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Shrub's 2023 On-Site SEO Checklist

On-site SEO is important because it tells Google about your website and how you provide value to visitors and customers. By optimizing your site for both human eyes and search engine bots, you can help your site rank higher in search results and attract new traffic. SEO is called on-page because the changes you make to optimize your website can be seen by visitors on your page (whereas off-page and technical SEO elements are not always visible). Every part of on-page SEO is up to you; that's why it's so important that you do it correctly.

You need high quality content on every page

Content is one of the most important aspects of on-page SEO. It communicates what your website and business are all about to both search engines and site visitors. To start creating high-quality content, choose keywords that are relevant to your site and business, and research your rivals' content to make sure you're giving them a good challenge. All other on-page SEO elements stem from quality content, so make sure to put in the time and effort to create it well.

Don't forget to title pages

Title tags are an important part of your website's content. They help visitors and search engines find what they're looking for quickly, and include the focus keyword for each page. To make sure your site pages rank for the right intent, be sure to include the focus keyword in your titles. This can be done naturally, although Google does have a character limit. Visit their blog post to learn more: Titles must be under 60 characters in order to display correctly on Google Search, and avoiding keywords in your titles will ensure a healthy reading experience. Be sure the title is relevant to the page and avoid using all caps.

Headers are important too

When we mention headers, we're talking about the HTML element <h1>, <h2>, <h3>, etc. Headers organize your article and blog content for both readers and search engines, so they can distinguish what part of your content is most relevant to them. Use important keywords in these headers, but make sure they're different from keywords in your page title. Most important ones should go in your <h1> and <h2> headers.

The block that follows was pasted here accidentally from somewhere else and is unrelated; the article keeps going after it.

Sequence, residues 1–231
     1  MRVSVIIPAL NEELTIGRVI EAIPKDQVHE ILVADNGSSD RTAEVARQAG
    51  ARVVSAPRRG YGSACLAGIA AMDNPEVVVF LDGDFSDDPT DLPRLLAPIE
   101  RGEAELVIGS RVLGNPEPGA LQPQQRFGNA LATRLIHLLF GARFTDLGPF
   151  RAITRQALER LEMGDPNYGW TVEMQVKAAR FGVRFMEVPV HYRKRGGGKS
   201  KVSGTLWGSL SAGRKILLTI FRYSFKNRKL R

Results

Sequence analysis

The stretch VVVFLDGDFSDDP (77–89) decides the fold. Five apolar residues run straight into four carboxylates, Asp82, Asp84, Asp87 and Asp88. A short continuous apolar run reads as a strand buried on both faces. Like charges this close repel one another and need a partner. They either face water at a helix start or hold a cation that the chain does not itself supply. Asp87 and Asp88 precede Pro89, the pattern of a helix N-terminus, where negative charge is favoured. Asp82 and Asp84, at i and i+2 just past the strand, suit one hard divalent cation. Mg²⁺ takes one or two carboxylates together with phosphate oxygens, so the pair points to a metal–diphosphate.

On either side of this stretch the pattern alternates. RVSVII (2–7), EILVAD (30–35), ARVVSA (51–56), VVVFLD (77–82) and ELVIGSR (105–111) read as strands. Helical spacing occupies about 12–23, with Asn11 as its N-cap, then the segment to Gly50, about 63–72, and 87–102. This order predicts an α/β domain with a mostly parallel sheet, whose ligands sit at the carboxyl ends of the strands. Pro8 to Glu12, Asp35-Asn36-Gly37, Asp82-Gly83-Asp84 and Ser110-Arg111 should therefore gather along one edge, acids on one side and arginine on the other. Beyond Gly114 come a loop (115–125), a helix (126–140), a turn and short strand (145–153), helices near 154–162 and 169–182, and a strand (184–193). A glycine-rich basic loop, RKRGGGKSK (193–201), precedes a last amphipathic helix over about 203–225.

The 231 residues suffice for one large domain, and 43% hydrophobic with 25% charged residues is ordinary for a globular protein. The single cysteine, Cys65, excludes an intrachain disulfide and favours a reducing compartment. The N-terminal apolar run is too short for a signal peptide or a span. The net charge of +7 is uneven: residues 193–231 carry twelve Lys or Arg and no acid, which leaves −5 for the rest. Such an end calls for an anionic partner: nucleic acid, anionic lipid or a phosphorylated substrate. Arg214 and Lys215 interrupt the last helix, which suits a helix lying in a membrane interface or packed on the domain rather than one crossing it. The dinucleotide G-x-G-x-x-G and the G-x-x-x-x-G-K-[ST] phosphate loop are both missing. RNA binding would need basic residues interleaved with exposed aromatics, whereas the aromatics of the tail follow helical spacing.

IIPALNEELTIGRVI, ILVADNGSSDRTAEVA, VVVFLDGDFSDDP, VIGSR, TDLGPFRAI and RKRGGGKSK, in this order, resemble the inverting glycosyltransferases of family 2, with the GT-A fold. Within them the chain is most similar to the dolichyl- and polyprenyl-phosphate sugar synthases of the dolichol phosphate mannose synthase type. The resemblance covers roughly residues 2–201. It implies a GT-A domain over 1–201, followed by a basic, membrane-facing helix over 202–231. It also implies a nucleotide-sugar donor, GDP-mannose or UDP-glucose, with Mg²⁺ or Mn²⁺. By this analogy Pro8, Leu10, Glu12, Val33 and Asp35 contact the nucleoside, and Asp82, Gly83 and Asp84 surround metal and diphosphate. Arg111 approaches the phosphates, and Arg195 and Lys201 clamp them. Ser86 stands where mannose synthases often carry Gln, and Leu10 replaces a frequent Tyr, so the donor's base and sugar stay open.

Meta descriptions aren't as scary as they sound

Meta descriptions are the short, headshot-style descriptions that appear under your page's title in search results. Although they're not considered official ranking factors by Google, they can have an impact on whether or not your page is clicked on, so it's important to make sure yours is killer. A good meta description should be under 160 characters and include your keyword or keyword phrase in a complete, compelling sentence (or two). Plus, avoid using alphanumeric characters like —, &, or +.

Image alt-text (Good for SEO and vital for accessibility)

Image alt-text is an important part of SEO for images. It tells Google and other search engines what your images are about, which can help consumers find your site. You need to add alt-text to your images in order for them to be discovered, but there are a few things to keep in mind when doing so. Be descriptive and specific, contextually relevant to the broader page content, and keep it short. As usual, use keywords sparingly and don't keyword stuff.


Your URLs should be simple to digest and easy to remember, while still directing readers to the most relevant information. They're also important when keeping your site hierarchy consistent. Here are a few tips on how to make SEO-friendly URLs: Remove extraneous words, use only one or two keywords, and use HTTPS if possible.

Internal Linking is like a healthy root system

Internal linking is literally just hyperlinking to other helpful pages on your website, in a way that makes sense and flows. Doing this helps your on-page SEO juice, because you're able to send readers to other pages on your website, which keeps them around longer. Google likes that. This also gives Google more time to crawl and index your website pages. This is just another piece of the puzzle when it comes to potentially ranking higher on search engine results.

Site speed (vroom vroom)

Who wants to wait for a site to load? No one, that's who. Let's just say page speed counts for a lot when it comes to SEO. Google actually cares a lot about user experience. If your site loads slowly, there's a big chance your visitors aren't going to wait around — and Google is well aware. Talk to our team at Shrub to check your site speed and, more importantly, improve it.

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